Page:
Where do you like to holiday in Nigeria and abroad?

I have been to some very exciting places in Nigeria. I believe that Nigeria has not been discovered especially by Nigerians. Almost every corner of the country is blessed with interesting places you can go to. There are some interesting places in South-West, for instance in Abeokuta and Osun State. Even Lagos. I had the opportunity to visit some interesting places in these cities- some of them are resorts where you can spend the weekend or a holiday. Outside the country, I normally prefer going to historical places where I can learn more about global history. For example, I go to places like Rome, Jordan, Egypt etc., to see places where great events happened thousands of years or many decades ago. For example, there is so much to learn and think about when you see the pyramids in Egypt. For me, traveling is more than just going away to relax or shop during the holidays. It is also a good opportunity to learn.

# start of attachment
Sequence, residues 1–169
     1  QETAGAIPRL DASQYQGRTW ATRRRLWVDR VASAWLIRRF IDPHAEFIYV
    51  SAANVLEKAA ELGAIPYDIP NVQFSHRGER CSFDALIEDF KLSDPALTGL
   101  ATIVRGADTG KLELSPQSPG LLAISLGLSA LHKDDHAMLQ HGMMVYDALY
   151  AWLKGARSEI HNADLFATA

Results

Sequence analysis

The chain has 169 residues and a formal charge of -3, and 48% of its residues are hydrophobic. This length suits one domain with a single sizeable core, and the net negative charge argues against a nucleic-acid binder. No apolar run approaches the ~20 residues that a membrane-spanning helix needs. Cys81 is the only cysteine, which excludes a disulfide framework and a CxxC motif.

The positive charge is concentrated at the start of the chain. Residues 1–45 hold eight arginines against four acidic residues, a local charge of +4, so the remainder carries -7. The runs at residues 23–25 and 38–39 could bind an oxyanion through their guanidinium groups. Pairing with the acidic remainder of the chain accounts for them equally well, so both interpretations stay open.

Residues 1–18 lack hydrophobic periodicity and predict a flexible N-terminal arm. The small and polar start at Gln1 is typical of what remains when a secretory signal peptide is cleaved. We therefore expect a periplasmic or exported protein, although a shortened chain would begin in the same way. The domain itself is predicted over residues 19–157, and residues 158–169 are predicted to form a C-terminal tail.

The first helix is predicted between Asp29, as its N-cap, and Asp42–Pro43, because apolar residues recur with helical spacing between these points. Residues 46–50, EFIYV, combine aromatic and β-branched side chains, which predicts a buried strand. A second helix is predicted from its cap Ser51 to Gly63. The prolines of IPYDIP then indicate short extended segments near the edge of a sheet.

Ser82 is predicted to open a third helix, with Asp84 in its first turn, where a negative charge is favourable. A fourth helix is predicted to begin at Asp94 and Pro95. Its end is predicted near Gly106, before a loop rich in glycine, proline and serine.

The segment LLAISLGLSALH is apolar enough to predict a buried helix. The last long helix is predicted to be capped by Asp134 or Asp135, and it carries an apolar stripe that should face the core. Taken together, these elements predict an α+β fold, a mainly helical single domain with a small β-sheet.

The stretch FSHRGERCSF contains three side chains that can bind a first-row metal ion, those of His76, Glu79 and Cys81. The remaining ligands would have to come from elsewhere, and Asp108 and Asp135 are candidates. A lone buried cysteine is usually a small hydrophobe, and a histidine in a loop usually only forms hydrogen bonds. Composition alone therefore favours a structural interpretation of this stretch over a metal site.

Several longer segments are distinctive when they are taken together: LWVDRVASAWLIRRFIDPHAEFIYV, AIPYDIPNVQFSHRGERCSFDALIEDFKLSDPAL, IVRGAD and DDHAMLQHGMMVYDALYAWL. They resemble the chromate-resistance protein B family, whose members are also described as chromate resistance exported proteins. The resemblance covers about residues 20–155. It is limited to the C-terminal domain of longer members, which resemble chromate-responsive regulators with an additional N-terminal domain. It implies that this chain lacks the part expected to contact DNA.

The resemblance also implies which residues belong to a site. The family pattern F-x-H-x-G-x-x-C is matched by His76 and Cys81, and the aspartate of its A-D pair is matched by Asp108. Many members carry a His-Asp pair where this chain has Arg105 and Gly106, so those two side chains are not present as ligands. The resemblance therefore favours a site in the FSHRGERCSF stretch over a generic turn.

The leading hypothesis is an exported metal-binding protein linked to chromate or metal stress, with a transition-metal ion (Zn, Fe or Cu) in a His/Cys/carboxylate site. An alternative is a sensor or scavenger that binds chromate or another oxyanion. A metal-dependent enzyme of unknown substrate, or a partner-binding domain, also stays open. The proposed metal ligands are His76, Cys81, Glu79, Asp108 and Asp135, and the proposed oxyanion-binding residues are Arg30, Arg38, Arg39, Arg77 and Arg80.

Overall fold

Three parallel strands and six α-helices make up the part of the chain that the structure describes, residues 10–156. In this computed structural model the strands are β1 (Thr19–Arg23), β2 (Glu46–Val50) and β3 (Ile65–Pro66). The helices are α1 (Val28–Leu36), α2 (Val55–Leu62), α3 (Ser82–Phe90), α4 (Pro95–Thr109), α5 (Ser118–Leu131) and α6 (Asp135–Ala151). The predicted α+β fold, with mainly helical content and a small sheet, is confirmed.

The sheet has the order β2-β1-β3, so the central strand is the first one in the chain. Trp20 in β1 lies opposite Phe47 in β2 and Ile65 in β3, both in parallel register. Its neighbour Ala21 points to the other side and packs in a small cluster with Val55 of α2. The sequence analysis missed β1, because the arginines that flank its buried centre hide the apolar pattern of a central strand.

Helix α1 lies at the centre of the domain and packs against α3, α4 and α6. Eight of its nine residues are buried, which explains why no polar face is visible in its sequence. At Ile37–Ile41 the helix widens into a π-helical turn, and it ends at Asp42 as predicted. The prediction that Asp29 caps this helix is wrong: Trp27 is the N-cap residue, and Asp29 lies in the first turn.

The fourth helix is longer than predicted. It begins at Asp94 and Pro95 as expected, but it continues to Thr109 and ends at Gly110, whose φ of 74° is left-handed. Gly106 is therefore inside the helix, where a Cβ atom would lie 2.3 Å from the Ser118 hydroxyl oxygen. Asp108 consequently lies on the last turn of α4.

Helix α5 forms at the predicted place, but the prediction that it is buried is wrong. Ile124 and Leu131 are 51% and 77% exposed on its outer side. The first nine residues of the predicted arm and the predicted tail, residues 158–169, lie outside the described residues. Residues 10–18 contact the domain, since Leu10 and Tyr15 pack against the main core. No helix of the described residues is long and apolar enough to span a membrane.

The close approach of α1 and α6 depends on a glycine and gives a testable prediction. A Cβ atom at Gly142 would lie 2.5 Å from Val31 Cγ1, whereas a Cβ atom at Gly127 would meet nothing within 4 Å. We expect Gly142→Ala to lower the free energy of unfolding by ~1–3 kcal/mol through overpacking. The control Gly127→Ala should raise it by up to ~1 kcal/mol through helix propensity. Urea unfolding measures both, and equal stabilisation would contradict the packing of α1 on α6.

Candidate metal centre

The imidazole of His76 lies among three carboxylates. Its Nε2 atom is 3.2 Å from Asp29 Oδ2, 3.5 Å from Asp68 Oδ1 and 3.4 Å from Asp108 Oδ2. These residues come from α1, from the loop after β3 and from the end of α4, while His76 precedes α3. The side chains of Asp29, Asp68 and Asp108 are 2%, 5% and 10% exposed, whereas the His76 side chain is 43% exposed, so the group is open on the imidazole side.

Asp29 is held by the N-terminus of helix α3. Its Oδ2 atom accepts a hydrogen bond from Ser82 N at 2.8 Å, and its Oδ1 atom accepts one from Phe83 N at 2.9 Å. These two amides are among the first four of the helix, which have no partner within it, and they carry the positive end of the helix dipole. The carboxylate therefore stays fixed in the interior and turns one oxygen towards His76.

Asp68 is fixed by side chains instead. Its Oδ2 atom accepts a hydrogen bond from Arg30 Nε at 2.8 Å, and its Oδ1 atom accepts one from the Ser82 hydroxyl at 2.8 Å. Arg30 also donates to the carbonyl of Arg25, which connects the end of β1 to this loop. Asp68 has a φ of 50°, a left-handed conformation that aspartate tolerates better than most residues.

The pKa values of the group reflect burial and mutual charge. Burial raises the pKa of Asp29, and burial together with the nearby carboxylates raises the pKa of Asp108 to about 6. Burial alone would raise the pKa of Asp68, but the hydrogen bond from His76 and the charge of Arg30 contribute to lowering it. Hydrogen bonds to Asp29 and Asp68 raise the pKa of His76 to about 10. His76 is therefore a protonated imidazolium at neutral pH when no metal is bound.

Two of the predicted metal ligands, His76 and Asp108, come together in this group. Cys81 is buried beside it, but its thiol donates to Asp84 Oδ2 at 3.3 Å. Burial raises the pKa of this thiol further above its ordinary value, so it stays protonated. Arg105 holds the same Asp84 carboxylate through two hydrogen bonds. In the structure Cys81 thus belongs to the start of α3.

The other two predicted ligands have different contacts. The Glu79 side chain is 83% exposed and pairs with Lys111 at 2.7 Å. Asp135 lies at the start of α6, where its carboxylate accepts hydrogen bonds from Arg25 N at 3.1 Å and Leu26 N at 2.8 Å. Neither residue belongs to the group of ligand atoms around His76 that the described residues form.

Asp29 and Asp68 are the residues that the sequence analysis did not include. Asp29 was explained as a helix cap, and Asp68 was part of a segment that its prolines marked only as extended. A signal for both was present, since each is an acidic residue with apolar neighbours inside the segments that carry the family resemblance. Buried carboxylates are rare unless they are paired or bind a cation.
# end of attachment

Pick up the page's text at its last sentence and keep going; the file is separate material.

Where do you see Nigeria in ten years?

Personally, I am an unrepentant optimist. I am very positive about Nigeria.  I am very confident that the problems plaguing Nigeria today will be resolved. In ten years, I foresee a much better Nigeria. I foresee a Nigeria that has stronger institutions. I foresee a safer Nigeria. I foresee a Nigeria where we are reversing the trend of the younger generation wanting to leave. I see a trend where the younger generation wants to come back to Nigeria because there will be so many opportunities in this country. You will have the “fear of missing out” if you were to stay away from Nigeria in the next ten years. I believe that as a people we have what it takes to fix this country.